he fight over “Obamacare,” a government shutdown, bombs at the finish line of the Boston Marathon, Edward Snowden’s revelations of mass surveillance in the United States, a coup in Egypt, a pope’s resignation, allegations of chemical weapon attacks in the ongoing Syrian civil war, a killer typhoon in the Philippines — 2013 was certainly a doozy of a year. However, many people probably didn’t pay much attention to the details of events of the year unless it was mentioned in their Twitter feed or Facebook wall.
Overseas, Malala Yousafzai, a 15 year-old Pakistani school girl who was almost killed by Taliban terrorists for speaking out on the education of girls and women, became a powerful symbol for the fight against repression in 2013. In fact, she at the ripe age of 16 was seriously considered for the Nobel Peace Prize. Speaking of young people in 2013, Prince George of Cambridge, the son of Prince William and Catherine, was born on July 22. He is third in line to the British throne. In a surprise move, Pope Benedict XVI resigned on February 28, and the first Jesuit pope, Francis, was elected March 13. In April, an eight-story building collapsed in Bangladesh, killing over 1,000 people and 2,500 injured. In September, Islamic militants attacked a shopping mall in Nairobi, killing 62 people and wounding many more. Mother Nature wreaked havoc across the world as well, with devastating floods in India and Australia. A meteor exploded over a town in Russia, injuring about 1,500 people.
In the United States, Congress continued to toy with sliding off fiscal cliffs and sequesters, culminating in a government shutdown while the two parties sought a budget compromise. Sixteen days later, an agreement was reached and the government reopened for business. A bipartisan budget was passed in December, minimizing the threat of further disruptions. The trial of George Zimmerman, the man who shot and killed teen Trayvon Martin in Florida, created a stir when Zimmerman was acquitted of charges of manslaughter and second-degree murder. Dangerous weather brewed in the states throughout the year, including a blizzard on the east coast, flooding in Colorado, and destructive tornados in November in the Midwest, including Indiana.
Indiana and Indianapolis also saw drama in 2013, especially between Governor Pence, the Indiana State Board of Education, and newly elected State Superintendent Glenda Ritz. The power play between the factions has led to meeting walkouts and a showdown over who wields power in the state over education matters. The state legislature also courted controversy by pushing a constitutional amendment banning gay marriage that would have far-reaching effects on non-traditional families in the Hoosier state. Tornadoes and strong storms swept through the state in November, damaging homes and businesses, especially in the northern part of the state.
While the city celebrated strides forward in attracting new businesses and opportunities, there were steps backward in crime, with the highest number of homicides in 6 years. IMPD Officer Rod Bradway was killed in the line of duty in September, prompting an outpowering of support for his family. Indianapolis celebrated the opening of Eskenazi Health, replacing Wishard Memorial. Indianapolis also saw damage from the November storms — notably, the Old Post Office in Irvngton which was under renovation, collapsed in the high winds.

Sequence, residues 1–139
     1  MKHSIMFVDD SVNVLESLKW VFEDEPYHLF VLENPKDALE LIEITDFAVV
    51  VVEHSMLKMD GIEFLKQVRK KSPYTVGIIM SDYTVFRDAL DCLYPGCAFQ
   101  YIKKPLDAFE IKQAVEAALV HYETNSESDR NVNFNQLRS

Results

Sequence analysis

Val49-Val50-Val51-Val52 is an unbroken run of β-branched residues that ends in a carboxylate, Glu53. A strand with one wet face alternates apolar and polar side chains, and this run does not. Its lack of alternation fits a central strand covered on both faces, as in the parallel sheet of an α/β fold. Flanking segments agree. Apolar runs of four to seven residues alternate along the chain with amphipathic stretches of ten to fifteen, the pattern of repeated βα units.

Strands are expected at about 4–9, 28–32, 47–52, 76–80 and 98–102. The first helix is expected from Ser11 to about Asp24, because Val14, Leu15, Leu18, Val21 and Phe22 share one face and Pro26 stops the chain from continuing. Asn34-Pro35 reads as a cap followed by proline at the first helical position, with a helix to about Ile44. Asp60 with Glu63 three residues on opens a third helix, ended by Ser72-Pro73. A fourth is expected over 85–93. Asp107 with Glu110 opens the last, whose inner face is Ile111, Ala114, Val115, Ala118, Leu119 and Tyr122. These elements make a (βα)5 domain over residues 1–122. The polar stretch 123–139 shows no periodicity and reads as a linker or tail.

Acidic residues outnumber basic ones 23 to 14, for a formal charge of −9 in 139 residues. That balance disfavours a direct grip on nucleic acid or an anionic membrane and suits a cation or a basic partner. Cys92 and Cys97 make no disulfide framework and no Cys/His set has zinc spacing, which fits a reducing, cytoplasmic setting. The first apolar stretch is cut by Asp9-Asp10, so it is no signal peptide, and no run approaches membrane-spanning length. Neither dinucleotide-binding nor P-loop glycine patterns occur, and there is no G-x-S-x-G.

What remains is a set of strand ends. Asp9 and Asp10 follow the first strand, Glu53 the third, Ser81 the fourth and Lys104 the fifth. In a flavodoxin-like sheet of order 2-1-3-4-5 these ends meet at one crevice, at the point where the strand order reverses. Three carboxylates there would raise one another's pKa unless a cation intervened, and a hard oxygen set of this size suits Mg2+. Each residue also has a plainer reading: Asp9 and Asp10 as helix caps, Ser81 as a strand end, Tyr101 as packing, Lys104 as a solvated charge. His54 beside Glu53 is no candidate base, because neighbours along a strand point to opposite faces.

Notables we lost in 2013 include acting great Peter O’Toole, James Gandolfini, Joan Fontaine, Paul Walker, Conrad Bain, Richard Griffiths, Annette Funicello, Jean Stapleton, Cory Monteith, Lisa Robin Kelly (That ‘70s Show), Lee Thompson Young (Rizzoli & Isles, The Famous Jett Jackson), Bonnie Franklin (One Day at a Time), Dale Robertson, Dennis Farina, Deanna Durbin, Larry Hagman, Jack Klugman, Frank Thornton, Marcia Wallace, Julie Harris, Karen Black, and Eileen Brennan.
Singers Lou Reed, Mindy McCready, George Jones, Patti Page, Chris Kelly (from Kriss Kross), Alvin Lee, pianist Dave Brubeck, producer Phil Ramone, Eydie Gorme, George Duke, Richie Haven, Slim Whitman, J.J. Cale are gone from the music world.
Film critic Roger Ebert, journalist David Frost, psychic Sylvia Browne, Nobel Prize in Literature winners Doris Lessing and Seamus Heaney, celebrity chef Charlie Trotter, former Speaker of the House Tom Foley, writers Tom Clancy and Elmore Leonard, sci-fi author Frederik Pohl, and White House correspondent Helen Thomas passed this year.
World leaders Nelson Mandela and Margaret Thatcher died this year, bringing world leaders together to celebrate their leadership.
So what will 2014 bring to the world? A couple of things we already know — the Winter Olympics in Sochi, Russia from Feb. 7-23 will bring the thrill of victory (and the agony of defeat). A referendum on independence for Scotland will be held in September, and another for Catalan independence will be held in November. By the end of the year, the U.S. will officially withdraw troops from Afghanistan. The U.S. will hold Senate and House of Representative elections (Indiana will only hold an election for the House), and many states will hold races for governor.
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